“Hav­ing been with Audi for so long [since 2008 in the DTM], I’d got­ten com­fort­able and wrapped up in the ‘Audi bub­ble’. I never had to go out and chase a deal for the fol­low­ing season as it was al­ways planned out for me. Each win­ter I al­ways knew what I was do­ing the next year. Per­haps be­ing like that I’d let a few of my con­tacts slip over the years, so it was a real cul­ture shock to go into last win­ter with no plan at all.”

Jarvis fin­ished his Audi ca­reer with vic­tory in the WEC fi­nale in Bahrain, giv­ing the In­gol­stadt giant the fit­ting send-off it de­served. He also cel­e­brated sec­ond in the world cham­pi­onship. Audi had high hopes for its 2017 R18 evo­lu­tion, a car Jarvis main­tains could have won the world crown. Now it’ll likely never see a race­track. But, back to that phone call. “When I was look­ing through my op­tions I spoke to nu­mer­ous

pro­to­type teams, in both LMP1 and P2,” adds Jarvis. “I had some good talks and was of­fered some ex­cit­ing op­por­tu­ni­ties, but none of them were the long-term so­lu­tion I wanted. None of them were re­ally sus­tain­able moves.

“GT rac­ing, at the mo­ment, is the more sus­tain­able ca­reer path, much more so than pro­to­types. It’s sad to say, but true. If you look at LMP1 now there are so few man­u­fac­tur­ers – just Porsche and Toyota – if one of those were to drop out, there aren’t the pri­va­teer en­tries be­neath it to sus­tain the class. In GT rac­ing the man­u­fac­tur­ers are there and there’s strength in num­bers.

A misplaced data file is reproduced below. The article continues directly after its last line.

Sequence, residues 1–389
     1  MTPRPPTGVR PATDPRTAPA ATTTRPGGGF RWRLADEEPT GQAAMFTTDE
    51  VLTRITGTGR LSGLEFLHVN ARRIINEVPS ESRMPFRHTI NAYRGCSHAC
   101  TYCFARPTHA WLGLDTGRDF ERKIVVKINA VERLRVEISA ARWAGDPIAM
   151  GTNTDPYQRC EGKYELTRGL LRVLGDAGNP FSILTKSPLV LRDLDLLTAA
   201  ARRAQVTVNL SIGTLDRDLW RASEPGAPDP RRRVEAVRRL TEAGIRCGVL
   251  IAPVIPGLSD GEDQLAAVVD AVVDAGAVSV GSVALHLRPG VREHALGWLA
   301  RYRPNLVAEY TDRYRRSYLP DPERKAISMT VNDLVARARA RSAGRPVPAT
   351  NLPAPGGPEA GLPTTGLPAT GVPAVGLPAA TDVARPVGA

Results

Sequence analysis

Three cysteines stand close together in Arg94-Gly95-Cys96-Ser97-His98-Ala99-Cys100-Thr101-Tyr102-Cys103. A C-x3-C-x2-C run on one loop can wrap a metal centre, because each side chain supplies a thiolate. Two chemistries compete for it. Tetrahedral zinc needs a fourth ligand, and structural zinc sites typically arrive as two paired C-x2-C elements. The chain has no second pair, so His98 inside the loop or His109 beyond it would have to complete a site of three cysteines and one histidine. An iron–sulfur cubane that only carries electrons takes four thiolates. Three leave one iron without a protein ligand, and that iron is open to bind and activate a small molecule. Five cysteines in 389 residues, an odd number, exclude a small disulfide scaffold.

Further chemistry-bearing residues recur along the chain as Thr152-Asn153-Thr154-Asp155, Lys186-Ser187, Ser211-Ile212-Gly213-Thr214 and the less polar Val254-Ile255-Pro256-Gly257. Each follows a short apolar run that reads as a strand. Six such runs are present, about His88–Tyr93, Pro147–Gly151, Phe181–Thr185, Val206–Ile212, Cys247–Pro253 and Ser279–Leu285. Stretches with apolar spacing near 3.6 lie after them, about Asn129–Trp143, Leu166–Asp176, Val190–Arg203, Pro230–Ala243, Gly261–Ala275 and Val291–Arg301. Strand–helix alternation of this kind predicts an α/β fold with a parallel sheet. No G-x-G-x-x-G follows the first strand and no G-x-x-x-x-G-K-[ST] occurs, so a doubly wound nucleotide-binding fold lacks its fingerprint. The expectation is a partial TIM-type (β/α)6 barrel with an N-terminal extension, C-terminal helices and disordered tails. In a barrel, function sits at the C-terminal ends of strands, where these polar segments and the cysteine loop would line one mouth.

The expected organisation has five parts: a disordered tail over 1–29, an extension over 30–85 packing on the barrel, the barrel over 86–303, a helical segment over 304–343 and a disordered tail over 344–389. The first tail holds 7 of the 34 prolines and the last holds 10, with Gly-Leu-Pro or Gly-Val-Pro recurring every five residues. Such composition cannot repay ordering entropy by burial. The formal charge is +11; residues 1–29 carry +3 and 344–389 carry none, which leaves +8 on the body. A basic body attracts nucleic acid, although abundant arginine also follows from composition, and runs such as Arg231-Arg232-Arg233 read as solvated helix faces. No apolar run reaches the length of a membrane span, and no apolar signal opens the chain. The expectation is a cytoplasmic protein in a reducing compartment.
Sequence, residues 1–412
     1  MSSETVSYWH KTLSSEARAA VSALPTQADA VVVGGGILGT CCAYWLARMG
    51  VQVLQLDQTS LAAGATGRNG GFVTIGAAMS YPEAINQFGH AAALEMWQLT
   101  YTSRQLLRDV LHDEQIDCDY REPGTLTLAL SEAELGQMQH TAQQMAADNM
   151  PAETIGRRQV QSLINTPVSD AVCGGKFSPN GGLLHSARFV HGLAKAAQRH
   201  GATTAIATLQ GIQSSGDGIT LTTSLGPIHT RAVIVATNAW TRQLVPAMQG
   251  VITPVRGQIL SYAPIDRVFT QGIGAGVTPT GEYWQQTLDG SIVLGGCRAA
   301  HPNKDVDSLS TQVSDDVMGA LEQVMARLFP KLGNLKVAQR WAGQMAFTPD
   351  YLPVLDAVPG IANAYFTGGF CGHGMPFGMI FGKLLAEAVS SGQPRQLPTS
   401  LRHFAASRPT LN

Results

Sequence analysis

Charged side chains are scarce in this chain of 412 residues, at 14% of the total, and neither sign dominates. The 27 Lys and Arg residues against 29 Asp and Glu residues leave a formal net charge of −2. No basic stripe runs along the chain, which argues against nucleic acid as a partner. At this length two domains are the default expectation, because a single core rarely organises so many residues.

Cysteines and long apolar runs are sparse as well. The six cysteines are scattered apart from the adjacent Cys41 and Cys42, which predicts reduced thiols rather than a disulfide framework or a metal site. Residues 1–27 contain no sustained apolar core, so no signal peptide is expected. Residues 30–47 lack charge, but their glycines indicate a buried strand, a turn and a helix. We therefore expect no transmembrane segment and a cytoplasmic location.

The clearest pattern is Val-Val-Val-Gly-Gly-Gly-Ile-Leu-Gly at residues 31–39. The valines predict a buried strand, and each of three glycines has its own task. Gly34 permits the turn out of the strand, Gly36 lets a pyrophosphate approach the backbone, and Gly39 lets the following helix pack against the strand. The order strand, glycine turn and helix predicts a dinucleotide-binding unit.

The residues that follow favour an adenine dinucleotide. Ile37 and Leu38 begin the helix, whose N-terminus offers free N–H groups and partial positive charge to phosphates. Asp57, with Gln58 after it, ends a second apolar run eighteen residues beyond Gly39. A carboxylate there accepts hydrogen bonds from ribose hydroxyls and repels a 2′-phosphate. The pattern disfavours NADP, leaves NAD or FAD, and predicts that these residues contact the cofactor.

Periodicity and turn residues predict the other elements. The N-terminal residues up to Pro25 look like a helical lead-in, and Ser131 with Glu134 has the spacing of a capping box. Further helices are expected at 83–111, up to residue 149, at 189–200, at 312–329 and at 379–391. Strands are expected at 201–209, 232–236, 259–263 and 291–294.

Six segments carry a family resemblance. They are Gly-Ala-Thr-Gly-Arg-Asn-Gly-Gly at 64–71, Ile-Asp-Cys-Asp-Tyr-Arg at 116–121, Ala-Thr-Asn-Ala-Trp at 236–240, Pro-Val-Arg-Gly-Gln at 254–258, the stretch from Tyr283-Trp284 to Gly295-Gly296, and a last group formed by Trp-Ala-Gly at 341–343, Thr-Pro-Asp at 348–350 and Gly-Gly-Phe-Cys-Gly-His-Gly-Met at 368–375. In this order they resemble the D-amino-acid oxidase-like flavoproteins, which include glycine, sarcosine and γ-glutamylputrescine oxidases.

“Peo­ple pre­sumed I’d only be in­ter­ested in pro­to­types af­ter my Audi con­tract, but I looked at ev­ery­thing, and ac­tu­ally, Bent­ley was one of the first calls I made.”

Jarvis con­tacted Bent­ley Mo­tor­sport boss Brian Gush, booked a ticket to Crewe, and went to see the GT op­er­a­tion and M-sport. The re­sult­ing talks net­ted him an­other man­u­fac­turer deal. It’s not of the Go­liath stan­dards Audi’s was, but it’s far from a sec­ond-rate ar­range­ment.